Over the years, many facilities have turned to small mass-produced sand filters, like CES’s AMF (Advanced Media Filtration) line, to handle spas, smaller pools and water features. These “production-type” tanks are normally 30-36” in diameter, are designed to handle 100-120 GPM each, and can be placed side by side to handle larger flows. The mass production lowers manufacturing costs and they are quite a bit less than larger, hand built tanks. As more and more owners and pool companies turn away from labor intensive vacuum DE filters, the importance and popularity of these smaller AMF-type filters is growing quickly, but still some folks are not sold on the technology. Why?
Simply put, many of these production filters often delivered poor results in the past including poor water quality, high pumping restrictions, frequent media replacements, and more. This gave them an undeserved bad reputation, in the eyes of many pool companies. However… to the experienced professional, nearly ALL of these issues were caused by poor equipment or system design, and poor installation and operational techniques. These mistakes can be easily and quickly corrected by following a few simple rules and promoting sound engineering practices.
Here is quick guide to long term success:
Sizing: Many of these filters are certified to operate at elevated flow rates 20GPM/Sq Ft or 140 GPM for a typical 36” filter. But one should NEVER operate these filters at that rate. Why? Simply put, the dirt and organics get driven so deeply into the filter bed, that the system cannot possibly backwash them out over time. Deep dirt catches more deep dirt, and eventually the bottom of the filter bed is ruined, and turned into a breeding ground for chlorine demand, chloramines, and even odors. Solution: One should never operate these filters higher than 15 GPM/Sq Ft or 105 GPMs each. The dirt gets caught in the upper part of the filter bed and can more easily be removed during backwash. The AMF 36” filter not only provides a larger media capacity of 7.69 Sq Ft. instead of 7 Sq Ft, but also can filter 115 GPM instead of 105 GPM at best practice flow rate maximums.
Design: Small filters rely on good hydraulics, meaning evenly distributed and balanced freely flowing water, both in the filtration mode (water going from top to bottom) and in backwash mode (water going from bottom to top). This is ONLY accomplished with proper system design. While residential applications don’t require optimum design, commercial applications do. This requires a proper amount of overhead diffusers (to spray the water evenly over the entire diameter of the filter), and ample numbers of collection laterals to provide a robust backwash flow rate to remove soils. But most filters lack one or both of these. Solution: The AMF filter line solved this by providing 3 diffusers on 36” filters (instead of one) and 12 upsized laterals on the bottom of the tank) instead of 6 or 8. This promotes the free flow of water in both directions, and allows proper media to last for many years.
Media: These filters were labeled as “sand” filters years ago, but poor sand media is a huge barrier to good water quality. Media should be highly angular, sharp, and uniform in size and shape. Most store bought media is not, with rounded shape and highly irregular size and consistency. It commonly fails filter manufacturer’s lab tests, and the rounded irregular design provides a loose “web” to catch pool dirt and debris, leading to cloudy water. CES stocked specially graded, high quality silica sand media that resolved those issues, but now we have something even better. Solution: CES’s Activated Glass Filter Media (AFM™) is made from recycled brown and green glass bottles (glad to help), and processed in highly sophisticated European factories. The media receives a permanent “activation” that prevents fouling and enhances the filtration capability. While most sand media is rated to capture 20 micron particles or larger, AFM™ can capture down to 4 microns at proper flows and sub-micron (<1.0 micron) at slower flows. It will also last the life of the filter, and is only marginally more money to install.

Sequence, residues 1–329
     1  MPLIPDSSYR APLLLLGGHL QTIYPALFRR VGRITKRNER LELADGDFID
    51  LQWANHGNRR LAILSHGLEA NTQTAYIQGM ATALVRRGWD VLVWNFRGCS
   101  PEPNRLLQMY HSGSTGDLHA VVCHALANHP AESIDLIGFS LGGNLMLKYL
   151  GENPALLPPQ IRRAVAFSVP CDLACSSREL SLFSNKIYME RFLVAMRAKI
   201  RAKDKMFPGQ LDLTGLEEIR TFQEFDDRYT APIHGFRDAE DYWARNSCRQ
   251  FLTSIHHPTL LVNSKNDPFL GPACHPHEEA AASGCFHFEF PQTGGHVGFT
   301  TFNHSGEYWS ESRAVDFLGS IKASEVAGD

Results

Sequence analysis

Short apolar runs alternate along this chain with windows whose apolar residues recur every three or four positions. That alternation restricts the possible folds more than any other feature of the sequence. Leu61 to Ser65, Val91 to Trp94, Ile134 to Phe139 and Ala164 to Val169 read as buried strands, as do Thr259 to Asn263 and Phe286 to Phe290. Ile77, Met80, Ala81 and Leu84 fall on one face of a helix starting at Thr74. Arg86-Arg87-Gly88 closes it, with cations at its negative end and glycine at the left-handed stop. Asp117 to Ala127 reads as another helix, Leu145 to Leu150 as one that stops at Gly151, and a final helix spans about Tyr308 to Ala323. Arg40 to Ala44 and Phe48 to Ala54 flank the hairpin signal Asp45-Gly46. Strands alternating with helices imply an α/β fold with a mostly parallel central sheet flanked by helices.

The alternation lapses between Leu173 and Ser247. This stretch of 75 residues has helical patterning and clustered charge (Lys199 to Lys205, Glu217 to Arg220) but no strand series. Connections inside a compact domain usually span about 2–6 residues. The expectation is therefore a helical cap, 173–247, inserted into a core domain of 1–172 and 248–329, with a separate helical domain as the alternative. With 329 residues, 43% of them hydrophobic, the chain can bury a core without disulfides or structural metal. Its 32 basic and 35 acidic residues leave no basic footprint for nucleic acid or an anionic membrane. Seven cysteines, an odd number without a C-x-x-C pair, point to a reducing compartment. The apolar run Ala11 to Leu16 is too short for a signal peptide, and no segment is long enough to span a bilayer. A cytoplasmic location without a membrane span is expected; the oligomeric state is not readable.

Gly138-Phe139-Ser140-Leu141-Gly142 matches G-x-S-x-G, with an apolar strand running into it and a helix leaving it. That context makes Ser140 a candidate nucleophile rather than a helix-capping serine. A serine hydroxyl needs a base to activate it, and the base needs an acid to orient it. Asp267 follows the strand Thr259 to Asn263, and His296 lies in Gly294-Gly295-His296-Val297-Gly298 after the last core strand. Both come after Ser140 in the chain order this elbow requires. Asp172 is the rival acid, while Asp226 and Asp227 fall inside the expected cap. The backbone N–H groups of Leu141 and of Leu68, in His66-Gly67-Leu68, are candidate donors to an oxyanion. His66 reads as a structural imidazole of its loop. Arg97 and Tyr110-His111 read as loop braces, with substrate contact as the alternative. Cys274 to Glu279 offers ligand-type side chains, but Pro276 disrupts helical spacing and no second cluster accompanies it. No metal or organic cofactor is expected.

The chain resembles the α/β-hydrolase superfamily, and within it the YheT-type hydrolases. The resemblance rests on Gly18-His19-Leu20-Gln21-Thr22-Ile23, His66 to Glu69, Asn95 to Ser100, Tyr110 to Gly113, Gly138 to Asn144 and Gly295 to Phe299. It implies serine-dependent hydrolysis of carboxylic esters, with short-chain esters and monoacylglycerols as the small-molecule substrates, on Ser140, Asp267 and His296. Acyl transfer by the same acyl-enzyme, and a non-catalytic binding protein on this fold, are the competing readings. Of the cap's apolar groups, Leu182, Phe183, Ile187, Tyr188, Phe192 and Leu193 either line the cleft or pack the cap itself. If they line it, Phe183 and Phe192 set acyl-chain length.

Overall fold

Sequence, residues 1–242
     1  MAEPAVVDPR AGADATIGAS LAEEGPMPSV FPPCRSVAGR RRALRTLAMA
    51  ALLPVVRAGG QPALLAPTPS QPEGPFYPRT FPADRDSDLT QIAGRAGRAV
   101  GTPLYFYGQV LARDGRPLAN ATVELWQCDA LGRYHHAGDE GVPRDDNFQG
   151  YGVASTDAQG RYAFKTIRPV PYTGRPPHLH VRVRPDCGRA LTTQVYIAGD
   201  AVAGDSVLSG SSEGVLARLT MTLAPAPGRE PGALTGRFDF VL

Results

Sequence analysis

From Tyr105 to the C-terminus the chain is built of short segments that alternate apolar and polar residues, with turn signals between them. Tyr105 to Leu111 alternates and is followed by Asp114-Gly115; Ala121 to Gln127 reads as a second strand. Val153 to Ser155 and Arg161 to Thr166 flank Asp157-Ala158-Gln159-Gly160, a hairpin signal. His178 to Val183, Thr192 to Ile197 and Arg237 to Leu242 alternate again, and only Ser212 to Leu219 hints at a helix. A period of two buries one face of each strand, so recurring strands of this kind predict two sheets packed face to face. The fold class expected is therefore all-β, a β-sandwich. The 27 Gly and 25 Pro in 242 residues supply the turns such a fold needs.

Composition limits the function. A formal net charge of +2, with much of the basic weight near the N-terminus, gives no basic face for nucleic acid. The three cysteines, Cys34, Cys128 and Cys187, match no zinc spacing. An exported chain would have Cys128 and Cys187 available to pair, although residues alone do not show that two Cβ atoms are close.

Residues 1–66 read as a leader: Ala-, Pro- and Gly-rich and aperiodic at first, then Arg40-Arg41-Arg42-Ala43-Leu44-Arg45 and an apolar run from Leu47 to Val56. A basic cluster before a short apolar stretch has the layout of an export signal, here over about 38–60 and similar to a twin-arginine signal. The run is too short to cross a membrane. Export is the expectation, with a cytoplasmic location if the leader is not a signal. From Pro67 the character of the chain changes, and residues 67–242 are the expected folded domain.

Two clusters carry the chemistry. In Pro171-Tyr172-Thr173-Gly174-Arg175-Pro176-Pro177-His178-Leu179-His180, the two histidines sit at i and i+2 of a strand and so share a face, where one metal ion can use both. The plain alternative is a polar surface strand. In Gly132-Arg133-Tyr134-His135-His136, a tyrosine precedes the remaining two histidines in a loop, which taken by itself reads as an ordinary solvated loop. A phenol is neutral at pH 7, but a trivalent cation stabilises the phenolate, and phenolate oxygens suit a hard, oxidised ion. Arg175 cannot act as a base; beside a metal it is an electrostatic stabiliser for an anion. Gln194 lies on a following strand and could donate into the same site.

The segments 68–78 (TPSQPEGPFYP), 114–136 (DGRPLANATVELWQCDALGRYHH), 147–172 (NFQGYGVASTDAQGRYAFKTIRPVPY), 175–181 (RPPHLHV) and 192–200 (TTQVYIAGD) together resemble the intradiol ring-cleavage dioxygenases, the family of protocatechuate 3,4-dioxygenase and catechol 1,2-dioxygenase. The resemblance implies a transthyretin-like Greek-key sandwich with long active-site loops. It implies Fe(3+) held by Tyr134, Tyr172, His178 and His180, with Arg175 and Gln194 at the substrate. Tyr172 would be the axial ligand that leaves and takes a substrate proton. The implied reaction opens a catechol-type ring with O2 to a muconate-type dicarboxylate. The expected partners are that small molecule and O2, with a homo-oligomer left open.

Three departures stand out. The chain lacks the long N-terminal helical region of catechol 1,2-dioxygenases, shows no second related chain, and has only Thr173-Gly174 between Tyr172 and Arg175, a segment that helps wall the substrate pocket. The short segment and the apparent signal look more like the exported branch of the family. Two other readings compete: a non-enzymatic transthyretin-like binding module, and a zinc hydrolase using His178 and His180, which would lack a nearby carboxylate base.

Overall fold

Piping: The final cause of small filter failures comes from poor internal piping and backwash valves design. Most failed filters use 2” internal piping and backwash valves. The max flow through a 2” line should be around 100 GPM, not 140 GPM as often used, and the restriction added by the typical multi-port valve grows exponentially as the flow rate increases. Additionally, a 2” multi-port valve often cannot process the proper amount of water in a backwash mode leading to incorrect backwash rates, media fouling, and premature media replacement. Solution: The AMF 36” comes with 2.5” (or 3”) internals and backwash valve. Best practice flow rates for 2.5’ piping is 150+ GPM (instead of 100 GPM) so the back pressure on the system is dramatically reduced, costing you a lot less in electricity annually. Also the enhanced flow rate helps backwash the filters more completely, leading to longer media life and much less frequent media replacement.
As you can see, a lot of thought went into the design of our AMF filter line, and it was not by mistake. Our unique Service Supported Distribution® (SSD®) approach puts us face to face with short and long term service issues and we have made changes in product design over the many years to assure our customers get the best water quality and the lowest possible service requirement and minimal cost of ownership.
Please contact your CES rep to find out if the AMF filter and great new AFM™ Activated Media can work for your small pool, spa, or water feature application.